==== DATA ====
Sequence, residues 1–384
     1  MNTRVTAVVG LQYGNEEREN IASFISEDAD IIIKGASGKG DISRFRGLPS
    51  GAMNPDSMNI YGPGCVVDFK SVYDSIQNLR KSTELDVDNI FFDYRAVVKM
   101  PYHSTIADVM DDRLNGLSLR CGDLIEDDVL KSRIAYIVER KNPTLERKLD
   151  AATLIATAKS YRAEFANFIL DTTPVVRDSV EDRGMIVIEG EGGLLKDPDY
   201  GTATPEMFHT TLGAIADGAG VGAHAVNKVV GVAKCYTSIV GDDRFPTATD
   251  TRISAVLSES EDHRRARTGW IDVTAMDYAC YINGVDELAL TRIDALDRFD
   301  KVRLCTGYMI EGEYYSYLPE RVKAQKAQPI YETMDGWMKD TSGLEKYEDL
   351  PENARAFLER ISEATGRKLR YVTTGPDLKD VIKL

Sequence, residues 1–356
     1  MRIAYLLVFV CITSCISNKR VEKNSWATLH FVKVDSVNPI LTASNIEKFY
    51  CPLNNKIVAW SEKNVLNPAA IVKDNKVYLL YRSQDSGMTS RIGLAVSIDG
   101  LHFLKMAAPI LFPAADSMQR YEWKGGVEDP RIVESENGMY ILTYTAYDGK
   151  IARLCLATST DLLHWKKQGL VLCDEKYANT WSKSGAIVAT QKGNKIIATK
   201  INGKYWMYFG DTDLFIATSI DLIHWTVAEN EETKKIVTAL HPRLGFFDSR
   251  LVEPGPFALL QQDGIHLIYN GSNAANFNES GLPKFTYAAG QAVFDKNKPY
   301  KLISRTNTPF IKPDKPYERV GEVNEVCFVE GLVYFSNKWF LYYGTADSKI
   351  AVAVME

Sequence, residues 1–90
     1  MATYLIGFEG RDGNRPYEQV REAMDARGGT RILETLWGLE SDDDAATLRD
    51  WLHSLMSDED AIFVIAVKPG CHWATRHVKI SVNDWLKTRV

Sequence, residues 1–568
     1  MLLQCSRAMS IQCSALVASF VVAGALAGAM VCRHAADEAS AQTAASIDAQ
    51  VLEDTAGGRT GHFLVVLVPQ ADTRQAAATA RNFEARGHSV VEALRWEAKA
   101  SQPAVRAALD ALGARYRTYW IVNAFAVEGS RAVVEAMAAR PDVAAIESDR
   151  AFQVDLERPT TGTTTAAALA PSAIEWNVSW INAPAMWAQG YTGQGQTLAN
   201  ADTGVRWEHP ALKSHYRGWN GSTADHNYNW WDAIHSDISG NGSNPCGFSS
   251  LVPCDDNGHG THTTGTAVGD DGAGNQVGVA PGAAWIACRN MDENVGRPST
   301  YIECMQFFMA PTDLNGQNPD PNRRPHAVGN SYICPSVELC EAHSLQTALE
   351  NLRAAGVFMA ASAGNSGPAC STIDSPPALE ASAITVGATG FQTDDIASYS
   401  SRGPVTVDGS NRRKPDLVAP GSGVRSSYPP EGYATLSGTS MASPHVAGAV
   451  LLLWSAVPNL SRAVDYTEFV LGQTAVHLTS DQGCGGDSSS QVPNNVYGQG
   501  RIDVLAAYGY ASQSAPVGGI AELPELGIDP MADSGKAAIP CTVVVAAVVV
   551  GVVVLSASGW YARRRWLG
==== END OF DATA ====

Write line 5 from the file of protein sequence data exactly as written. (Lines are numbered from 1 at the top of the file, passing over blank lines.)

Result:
   151  AATLIATAKS YRAEFANFIL DTTPVVRDSV EDRGMIVIEG EGGLLKDPDY